Audience:  School administrators, community leaders, workplaces, organizations, and human resources staff

 

Other Trainings

Psychological First Aid/Post Traumatic Stress Management Workshop (PFA/PTSM)
Description:  The goal of this comprehensive 2-day training is to prepare participants to deliver basic behavioral health disaster response skills following large-scale disasters or critical incidents, such as homicides, suicides, accidental deaths, and similarly distressing events. Participants will be presented with the evolution of efforts to assist survivors following trauma, and provided with an overview of the human stress response and how it affects the choice of interventions used with distressed individuals. The 9-phase Post Traumatic Stress Management continuum and the 8 core functions of Psychological First Aid (PFA) will be discussed.
Audience:  Schools, community agencies, workplaces, and many other organizations

Understanding Trauma and Trauma-Informed Care
Description: This 2-3 hour training provides information about the prevalence and impact of traumatic events and explains why a focus on trauma is important. The training defines what it means to be trauma informed, how this differs from and overlaps with trauma treatment, as well as what providers can do to ensure their practices/policies are more trauma informed.
Audience: Schools, community agencies, workplaces, and many other organizations

Understanding Trauma and Trauma-Sensitive Schools
Description: This training is designed to help people working within school systems to understand the prevalence and impact of traumatic events, and looks at why a focus on trauma is important. It discusses the idea of trauma-informed care and what it means to be a trauma-sensitive or safe and supportive school, how this differs from and overlaps with trauma treatment, as well as what school personnel can do to ensure their practices/policies are more trauma-informed. The concepts of safety, predictability, and control are explored, and strategies to help establish them in school settings are highlighted. Particular attention is paid to self- and co-regulation, affect management, and self-care skills both for students and school personnel. This training can be tailored to be anywhere from a comprehensive and interactive full-day to just a basic overview in 1 hour or 90 minutes. It can target all school personnel or be geared more towards school counselors. Ongoing consultation and support on becoming a trauma-sensitive school is also available.
Audience: Mental health professionals, guidance counselors, school administrators, and school personnel

Responding to Grief and Sudden Loss in Schools and Communities
Description:
This 2-hour training provides schools and communities with the tools for managing sudden or traumatic loss. Administrators and school behavioral staff will learn to facilitate healthy grieving, with the goal of helping the community integrate the loss. The training includes an overview of different models of grief, including a discussion of variations in individual, developmental, family, gender, and cultural styles of grieving. Research on what is often helpful for bereaved individuals is presented. There is an emphasis on the complexities of dealing with suicide or other traumatic loss. In the case of a suicide death, a discussion of the broader topic of suicide postvention and its role in facilitating grieving, as well as preventing future suicide deaths is included.
Audience: Schools, community agencies, workplaces, and many other organizations

Talking to Your Child about the Current Climate and Islamophobia
Description: These seem to be particularly turbulent times, both internationally with terrorism sweeping across the globe and nationally with a highly-charged political atmosphere. Muslim communities and families are finding themselves at this crossroad, with children being exposed to increasing threats, fears, bullying, and harassment. This 1½ hour workshop provides parents and guardians with the tools they need to have a productive, honest conversation with their children, in age-appropriate ways, about both the current climate and the rise of Islamophobia.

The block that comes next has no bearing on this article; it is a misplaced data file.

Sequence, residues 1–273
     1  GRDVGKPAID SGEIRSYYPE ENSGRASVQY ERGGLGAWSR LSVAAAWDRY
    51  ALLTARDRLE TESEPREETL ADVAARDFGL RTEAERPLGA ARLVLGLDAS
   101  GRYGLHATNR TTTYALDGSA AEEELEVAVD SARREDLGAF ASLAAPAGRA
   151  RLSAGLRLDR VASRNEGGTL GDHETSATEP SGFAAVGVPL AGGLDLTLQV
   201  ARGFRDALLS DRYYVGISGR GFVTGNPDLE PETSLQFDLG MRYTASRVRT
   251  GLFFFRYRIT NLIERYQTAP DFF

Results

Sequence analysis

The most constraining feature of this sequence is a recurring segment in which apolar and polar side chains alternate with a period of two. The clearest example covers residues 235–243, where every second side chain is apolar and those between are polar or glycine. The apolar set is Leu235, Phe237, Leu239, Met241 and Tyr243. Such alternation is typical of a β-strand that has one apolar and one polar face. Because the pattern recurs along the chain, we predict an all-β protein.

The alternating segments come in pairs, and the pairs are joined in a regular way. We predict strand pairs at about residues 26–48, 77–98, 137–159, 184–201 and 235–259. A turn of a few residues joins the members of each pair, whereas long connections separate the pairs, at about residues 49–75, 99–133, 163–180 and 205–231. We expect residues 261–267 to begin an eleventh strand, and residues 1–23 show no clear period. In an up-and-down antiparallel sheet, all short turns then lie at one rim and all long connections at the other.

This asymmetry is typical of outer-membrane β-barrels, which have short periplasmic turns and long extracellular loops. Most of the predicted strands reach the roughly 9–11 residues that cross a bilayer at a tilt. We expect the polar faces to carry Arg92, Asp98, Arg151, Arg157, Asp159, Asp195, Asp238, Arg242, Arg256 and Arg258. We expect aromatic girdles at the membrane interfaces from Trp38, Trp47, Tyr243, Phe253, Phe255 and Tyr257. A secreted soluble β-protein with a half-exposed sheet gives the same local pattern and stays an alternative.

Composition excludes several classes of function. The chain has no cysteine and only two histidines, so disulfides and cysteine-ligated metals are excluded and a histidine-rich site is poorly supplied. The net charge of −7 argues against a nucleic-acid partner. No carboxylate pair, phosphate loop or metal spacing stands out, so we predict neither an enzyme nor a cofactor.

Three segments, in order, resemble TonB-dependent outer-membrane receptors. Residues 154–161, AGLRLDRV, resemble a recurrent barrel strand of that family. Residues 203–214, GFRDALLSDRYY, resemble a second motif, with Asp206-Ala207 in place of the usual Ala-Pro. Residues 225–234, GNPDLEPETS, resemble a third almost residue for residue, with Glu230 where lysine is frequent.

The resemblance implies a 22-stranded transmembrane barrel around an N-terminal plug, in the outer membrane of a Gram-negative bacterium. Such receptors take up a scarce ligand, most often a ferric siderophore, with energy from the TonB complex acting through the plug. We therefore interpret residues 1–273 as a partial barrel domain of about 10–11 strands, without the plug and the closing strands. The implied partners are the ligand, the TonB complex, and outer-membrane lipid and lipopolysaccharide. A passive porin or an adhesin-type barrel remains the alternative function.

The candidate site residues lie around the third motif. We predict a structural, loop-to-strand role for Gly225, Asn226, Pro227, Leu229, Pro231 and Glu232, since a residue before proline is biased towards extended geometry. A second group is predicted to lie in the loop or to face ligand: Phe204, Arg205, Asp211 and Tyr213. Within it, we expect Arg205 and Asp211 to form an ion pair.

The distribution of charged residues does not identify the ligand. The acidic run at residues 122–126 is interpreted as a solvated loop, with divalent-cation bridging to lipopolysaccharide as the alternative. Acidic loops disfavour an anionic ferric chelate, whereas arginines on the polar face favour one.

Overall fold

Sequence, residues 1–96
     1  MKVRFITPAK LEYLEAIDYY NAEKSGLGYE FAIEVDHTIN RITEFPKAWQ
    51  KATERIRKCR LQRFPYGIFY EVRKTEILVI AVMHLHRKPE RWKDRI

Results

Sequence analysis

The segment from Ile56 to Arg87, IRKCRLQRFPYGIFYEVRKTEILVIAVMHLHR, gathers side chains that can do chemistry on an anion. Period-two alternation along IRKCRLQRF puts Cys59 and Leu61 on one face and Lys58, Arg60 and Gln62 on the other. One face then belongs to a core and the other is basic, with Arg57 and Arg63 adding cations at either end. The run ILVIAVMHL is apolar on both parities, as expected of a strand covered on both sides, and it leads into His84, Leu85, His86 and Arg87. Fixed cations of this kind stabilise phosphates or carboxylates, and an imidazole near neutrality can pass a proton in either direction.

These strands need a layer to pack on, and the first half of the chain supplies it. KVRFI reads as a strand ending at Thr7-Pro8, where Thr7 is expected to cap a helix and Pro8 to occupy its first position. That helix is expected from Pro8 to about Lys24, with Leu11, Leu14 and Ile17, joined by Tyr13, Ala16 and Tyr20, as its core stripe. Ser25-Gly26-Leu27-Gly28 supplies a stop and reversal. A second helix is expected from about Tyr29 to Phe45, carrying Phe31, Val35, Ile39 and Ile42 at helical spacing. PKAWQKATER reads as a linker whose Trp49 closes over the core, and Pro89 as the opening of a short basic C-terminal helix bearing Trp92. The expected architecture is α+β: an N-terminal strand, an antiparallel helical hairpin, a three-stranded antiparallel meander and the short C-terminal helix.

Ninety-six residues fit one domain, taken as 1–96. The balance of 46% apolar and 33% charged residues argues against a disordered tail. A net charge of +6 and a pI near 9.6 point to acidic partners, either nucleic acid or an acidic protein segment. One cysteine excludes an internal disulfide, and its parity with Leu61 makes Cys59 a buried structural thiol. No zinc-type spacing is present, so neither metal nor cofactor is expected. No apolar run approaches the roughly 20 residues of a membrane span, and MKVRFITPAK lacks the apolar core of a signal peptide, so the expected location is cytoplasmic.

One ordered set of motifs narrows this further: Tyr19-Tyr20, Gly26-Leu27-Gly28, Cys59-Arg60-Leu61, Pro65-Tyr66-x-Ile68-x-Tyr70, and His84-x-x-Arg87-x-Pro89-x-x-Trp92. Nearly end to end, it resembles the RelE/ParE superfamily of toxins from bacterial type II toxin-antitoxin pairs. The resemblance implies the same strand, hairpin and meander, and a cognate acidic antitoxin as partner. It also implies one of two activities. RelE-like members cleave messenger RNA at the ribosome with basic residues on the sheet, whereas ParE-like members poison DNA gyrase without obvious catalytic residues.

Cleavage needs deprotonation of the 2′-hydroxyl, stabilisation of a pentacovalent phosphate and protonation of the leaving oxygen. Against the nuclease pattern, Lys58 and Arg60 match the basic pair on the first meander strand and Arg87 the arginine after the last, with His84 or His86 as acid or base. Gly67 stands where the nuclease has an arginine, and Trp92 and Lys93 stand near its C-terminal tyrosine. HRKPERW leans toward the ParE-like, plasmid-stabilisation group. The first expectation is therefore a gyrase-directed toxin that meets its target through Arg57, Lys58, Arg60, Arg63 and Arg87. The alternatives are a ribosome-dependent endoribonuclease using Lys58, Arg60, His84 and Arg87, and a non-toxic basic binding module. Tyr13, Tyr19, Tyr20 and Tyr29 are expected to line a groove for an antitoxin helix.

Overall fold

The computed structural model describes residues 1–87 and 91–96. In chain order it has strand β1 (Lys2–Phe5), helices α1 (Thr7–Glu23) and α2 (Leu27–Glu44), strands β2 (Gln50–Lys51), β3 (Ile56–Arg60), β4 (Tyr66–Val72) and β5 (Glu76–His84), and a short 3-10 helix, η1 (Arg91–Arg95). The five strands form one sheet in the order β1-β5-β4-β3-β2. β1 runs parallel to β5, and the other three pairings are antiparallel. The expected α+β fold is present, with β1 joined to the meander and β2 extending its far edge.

Audience: Parents and guardians of children in preschool through high school

Fostering Resilience
Description: While we know that traumatic stress can severely impact people’s lives, we also know that the most common outcome after any potentially traumatic event is that people maintain fairly steady levels of functioning and, in some cases, experience post-traumatic growth. Resilience is the norm and the characteristics and skills that allow people to be resilient can be developed, bolstered, and applied before, during, and after highly stressful events. This 2-3 hour training provides the groundwork for understanding what can go wrong with traumatic stress, but also what can be done to help things go right. The training provides a framework for understanding the concept of resilience. Several models of resilience are presented. Activities and a discussion guide encourage participants to think about ways they can foster their own resilience and that of people with whom they work.
Audience: Schools, community agencies, workplaces, and many other organizations

Youth Mental Health First Aid
Description: This 8-hour training is primarily designed for adults who regularly interact with young people. It teaches adults how to help an adolescent (age 12-18) who is experiencing a mental health or addictions challenge or is in crisis. The course introduces common mental health challenges for youth, reviews typical adolescent development, and teaches a 5-step action plan for how to help young people in both crisis and non-crisis situations. Topics covered include anxiety, depression, substance use, disorders in which psychosis may occur, disruptive behavior disorders (including AD/HD), and eating disorders.
Audience: All members of a community can benefit from this training, including parents, family members, caregivers, neighbors, school personnel, peers, mental health professionals, and others. The workshop can be tailored for specific groups like coaches, first responders, clergy, teachers, etc.

 

Riverside Trauma Center is a service of Riverside Community Care, a non-profit organization. Services are funded through the Massachusetts Department of Mental Health, the Massachusetts Department of Public Health, donations, and grants. There are cases when a fee applies for a service we provide. Please talk to a Riverside Trauma Center staff member about your specific service request to see if there is an associated fee. All contributions are welcome and appreciated.